0

Wikipedia Updates Translated Into Ambient Music

listen to Wikipedia

I always tell my writing students not to use Wikipedia — or, at least, not to use it as anything more than a headstart for real, verifiable research. But if anyone ever attempted to use it to make music, I’d have to reconsider.

Everyone knows that the face of a Wikipedia page changes more quickly, and sometimes more dramatically, than the face of an aging celebrity. This makes it iffy for research, but awesome for “truthiness.”

1

New Malaria Vaccine Has A Successful Clinical Trial

mosquitoLast summer I traveled to the Choco region of Colombia, a remote area near the Pacific Ocean known for rainforests, drug trafficking, and wildlife, especially mosquitoes. Malaria-carrying mosquitoes, to be precise. Before I left, I had to be vaccinated against yellow fever, and because no such vaccine exists for malaria, I had to get a prescription of Malarone, the most effective, and least system-ravaging, preventative medication against the disease. Each of those little pills cost about $10 and I had to start taking them three days before entering Choco and a week after I left. Unlike other malaria medications, Malarone didn’t make me hallucinate, which sounds like a good thing, and the side effects were barely noticeable.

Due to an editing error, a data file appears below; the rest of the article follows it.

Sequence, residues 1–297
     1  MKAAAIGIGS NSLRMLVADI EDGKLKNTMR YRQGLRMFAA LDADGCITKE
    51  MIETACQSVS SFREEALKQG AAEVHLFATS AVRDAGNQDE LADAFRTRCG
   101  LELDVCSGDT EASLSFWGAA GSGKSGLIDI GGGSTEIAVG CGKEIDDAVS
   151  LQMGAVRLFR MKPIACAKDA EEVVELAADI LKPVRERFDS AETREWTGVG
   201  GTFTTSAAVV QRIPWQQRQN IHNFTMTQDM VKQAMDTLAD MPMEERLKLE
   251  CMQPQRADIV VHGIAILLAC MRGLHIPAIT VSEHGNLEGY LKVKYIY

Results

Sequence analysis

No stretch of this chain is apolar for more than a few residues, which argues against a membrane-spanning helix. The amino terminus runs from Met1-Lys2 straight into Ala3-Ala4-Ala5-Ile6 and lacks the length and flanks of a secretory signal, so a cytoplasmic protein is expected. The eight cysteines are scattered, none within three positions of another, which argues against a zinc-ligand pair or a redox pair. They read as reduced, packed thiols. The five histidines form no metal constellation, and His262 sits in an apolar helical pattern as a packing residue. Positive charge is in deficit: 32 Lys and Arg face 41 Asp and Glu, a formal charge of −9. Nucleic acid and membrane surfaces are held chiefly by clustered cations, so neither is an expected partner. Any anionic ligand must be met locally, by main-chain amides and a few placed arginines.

A year ago, it was by far the best option for someone going to a malaria-risk zone. Not anymore. Scientists at Sanaria, a Maryland biotech firm, have made a malaria vaccine called PfSPZ that has proven effective in protecting against the disease in a Phase I clinical trial. Like most vaccines, this new one uses a form of the disease for inoculation. You take infected mosquitoes and subject them to radiation, weakening the parasites. They then extracted the virus from the mosquitoes’ salivary glands, and then cryopreserved them.